Mosaics in the Chapel of Sant’Andrea. (Simone Crespiatico/Shutterstock)

But crossing the threshold, I entered another world. Intimate and close, the bright colors and incredibly intricate designs almost overwhelm and consume. A starry sky spreads across the shallow, domed ceiling, gold embedded in a deep blue background, constellations that seem close enough to reach out and touch. Green grapevines climb the archways. Christ the Good Shepherd and various saints look down from above. Despite the building’s name, Empress Galla Placidia probably was never buried here—her body actually rests in Rome.

A bicyclist in the streets of Ravenna. (Jan Cattaneo/Shutterstock)

The guide said that Cole Porter wrote one of his best-known songs, “Night and Day,” after a visit here. And as I proceeded out, back toward the heart of town, my heart was indeed singing. More to see here in Ravenna, and hopefully a visit back soon to enjoy even more.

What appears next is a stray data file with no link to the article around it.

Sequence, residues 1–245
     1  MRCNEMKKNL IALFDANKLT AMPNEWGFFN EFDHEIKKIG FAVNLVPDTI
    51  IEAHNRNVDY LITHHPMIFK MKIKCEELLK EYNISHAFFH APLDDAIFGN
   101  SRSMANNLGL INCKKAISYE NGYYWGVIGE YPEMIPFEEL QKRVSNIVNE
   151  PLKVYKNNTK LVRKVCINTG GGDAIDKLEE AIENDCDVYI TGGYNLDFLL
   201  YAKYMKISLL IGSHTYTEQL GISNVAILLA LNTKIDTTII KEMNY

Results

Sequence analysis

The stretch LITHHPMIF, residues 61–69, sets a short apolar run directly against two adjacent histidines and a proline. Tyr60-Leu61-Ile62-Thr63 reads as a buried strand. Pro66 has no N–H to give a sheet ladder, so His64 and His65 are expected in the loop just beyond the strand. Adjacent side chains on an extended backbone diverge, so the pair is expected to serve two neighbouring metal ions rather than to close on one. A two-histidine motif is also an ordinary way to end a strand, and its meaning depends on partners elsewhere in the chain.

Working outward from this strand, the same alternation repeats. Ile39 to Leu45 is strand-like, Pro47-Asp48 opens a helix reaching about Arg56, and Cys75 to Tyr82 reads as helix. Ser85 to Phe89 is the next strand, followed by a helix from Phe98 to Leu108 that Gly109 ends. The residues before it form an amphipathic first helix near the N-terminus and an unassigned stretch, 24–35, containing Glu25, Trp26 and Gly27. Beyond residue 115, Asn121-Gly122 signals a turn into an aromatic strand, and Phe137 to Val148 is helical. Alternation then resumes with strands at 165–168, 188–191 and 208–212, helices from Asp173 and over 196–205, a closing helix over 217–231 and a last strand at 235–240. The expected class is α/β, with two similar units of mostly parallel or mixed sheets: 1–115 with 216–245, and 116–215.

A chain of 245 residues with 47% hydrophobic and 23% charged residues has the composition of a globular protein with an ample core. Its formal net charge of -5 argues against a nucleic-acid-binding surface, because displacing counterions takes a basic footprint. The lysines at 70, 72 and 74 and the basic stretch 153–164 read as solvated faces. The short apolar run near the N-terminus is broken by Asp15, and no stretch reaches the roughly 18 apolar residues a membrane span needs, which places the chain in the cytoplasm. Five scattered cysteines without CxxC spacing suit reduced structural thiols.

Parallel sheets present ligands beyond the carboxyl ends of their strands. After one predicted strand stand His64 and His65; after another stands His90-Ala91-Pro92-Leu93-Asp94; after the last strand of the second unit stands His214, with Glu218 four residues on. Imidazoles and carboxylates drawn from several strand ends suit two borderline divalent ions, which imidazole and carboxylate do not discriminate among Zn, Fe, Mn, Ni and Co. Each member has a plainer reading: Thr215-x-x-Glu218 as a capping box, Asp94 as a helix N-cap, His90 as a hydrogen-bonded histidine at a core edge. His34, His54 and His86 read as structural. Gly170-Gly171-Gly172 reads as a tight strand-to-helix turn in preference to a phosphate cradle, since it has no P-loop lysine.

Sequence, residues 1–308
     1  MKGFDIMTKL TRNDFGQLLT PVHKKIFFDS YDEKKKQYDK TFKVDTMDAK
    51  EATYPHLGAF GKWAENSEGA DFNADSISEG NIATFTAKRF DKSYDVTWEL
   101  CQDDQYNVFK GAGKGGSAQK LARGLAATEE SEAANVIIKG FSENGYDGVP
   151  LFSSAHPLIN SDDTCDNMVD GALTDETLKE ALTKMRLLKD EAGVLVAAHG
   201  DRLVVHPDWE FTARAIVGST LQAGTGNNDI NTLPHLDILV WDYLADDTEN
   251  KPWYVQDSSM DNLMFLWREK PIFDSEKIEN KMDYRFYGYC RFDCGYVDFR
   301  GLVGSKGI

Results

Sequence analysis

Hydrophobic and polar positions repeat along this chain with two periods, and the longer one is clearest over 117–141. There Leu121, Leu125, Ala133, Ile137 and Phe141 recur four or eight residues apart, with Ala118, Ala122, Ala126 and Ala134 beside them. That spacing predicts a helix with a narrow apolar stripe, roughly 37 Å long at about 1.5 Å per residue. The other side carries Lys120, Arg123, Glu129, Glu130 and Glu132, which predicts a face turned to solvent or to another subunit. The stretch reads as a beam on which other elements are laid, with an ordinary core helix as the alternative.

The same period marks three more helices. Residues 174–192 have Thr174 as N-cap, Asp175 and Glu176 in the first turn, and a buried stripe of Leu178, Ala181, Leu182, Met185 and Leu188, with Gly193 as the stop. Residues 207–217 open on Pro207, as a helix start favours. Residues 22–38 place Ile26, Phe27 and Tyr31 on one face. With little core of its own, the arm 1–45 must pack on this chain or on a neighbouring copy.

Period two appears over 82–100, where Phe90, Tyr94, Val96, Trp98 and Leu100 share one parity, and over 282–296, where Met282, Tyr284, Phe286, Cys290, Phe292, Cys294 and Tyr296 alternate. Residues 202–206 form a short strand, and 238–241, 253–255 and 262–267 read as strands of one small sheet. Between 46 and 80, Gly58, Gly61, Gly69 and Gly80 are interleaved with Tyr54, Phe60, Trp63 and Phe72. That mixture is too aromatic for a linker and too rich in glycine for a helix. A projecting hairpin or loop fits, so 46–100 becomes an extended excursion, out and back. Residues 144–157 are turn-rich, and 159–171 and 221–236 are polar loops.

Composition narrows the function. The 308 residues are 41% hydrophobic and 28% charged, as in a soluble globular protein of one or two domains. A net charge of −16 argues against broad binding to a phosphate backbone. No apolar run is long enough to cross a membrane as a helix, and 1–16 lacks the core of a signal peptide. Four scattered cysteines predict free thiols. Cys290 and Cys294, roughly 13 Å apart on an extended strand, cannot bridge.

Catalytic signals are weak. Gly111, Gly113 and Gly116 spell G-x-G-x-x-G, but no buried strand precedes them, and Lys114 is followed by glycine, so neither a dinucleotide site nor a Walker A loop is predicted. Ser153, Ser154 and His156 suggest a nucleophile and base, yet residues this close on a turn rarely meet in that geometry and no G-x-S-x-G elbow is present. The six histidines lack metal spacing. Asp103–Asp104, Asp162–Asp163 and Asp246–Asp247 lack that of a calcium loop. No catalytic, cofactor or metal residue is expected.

Cured meats, cheeses, and piadina bread at Osteria Passatelli in Ravenna, Italy. (Channaly Philipp/Epoch Times)

If You Go

Fly: Most visitors will fly to Bologna Guglielmo Marconi International Airport (BLQ), where a number of major European carriers plus low-cost airlines such as Ryanair and Wizz Air connect the region to the rest of the continent. From there, it’s about an hour by car to Ravenna.

Getting Around: Like most northern Italian cities, Ravenna is well-covered by public transit, and ride-share services are also available. It’s also connected by train to other parts of the country and Europe beyond, but if you’re looking to explore the countryside nearby, it’s best to rent a car.